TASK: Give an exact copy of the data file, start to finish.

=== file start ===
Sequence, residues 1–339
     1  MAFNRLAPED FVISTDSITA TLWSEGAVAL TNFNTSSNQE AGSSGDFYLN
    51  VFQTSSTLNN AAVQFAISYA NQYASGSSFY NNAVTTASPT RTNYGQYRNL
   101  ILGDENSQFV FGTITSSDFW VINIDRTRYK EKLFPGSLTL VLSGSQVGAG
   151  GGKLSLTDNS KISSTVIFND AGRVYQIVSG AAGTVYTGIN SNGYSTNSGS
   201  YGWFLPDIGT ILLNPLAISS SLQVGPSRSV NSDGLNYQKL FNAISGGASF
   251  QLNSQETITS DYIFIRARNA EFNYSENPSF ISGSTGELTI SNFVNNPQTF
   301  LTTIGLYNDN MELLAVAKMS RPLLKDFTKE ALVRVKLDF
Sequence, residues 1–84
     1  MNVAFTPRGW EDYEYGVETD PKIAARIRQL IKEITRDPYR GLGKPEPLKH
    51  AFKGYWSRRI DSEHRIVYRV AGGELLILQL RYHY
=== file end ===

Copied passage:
Sequence, residues 1–339
     1  MAFNRLAPED FVISTDSITA TLWSEGAVAL TNFNTSSNQE AGSSGDFYLN
    51  VFQTSSTLNN AAVQFAISYA NQYASGSSFY NNAVTTASPT RTNYGQYRNL
   101  ILGDENSQFV FGTITSSDFW VINIDRTRYK EKLFPGSLTL VLSGSQVGAG
   151  GGKLSLTDNS KISSTVIFND AGRVYQIVSG AAGTVYTGIN SNGYSTNSGS
   201  YGWFLPDIGT ILLNPLAISS SLQVGPSRSV NSDGLNYQKL FNAISGGASF
   251  QLNSQETITS DYIFIRARNA EFNYSENPSF ISGSTGELTI SNFVNNPQTF
   301  LTTIGLYNDN MELLAVAKMS RPLLKDFTKE ALVRVKLDF
Sequence, residues 1–84
     1  MNVAFTPRGW EDYEYGVETD PKIAARIRQL IKEITRDPYR GLGKPEPLKH
    51  AFKGYWSRRI DSEHRIVYRV AGGELLILQL RYHY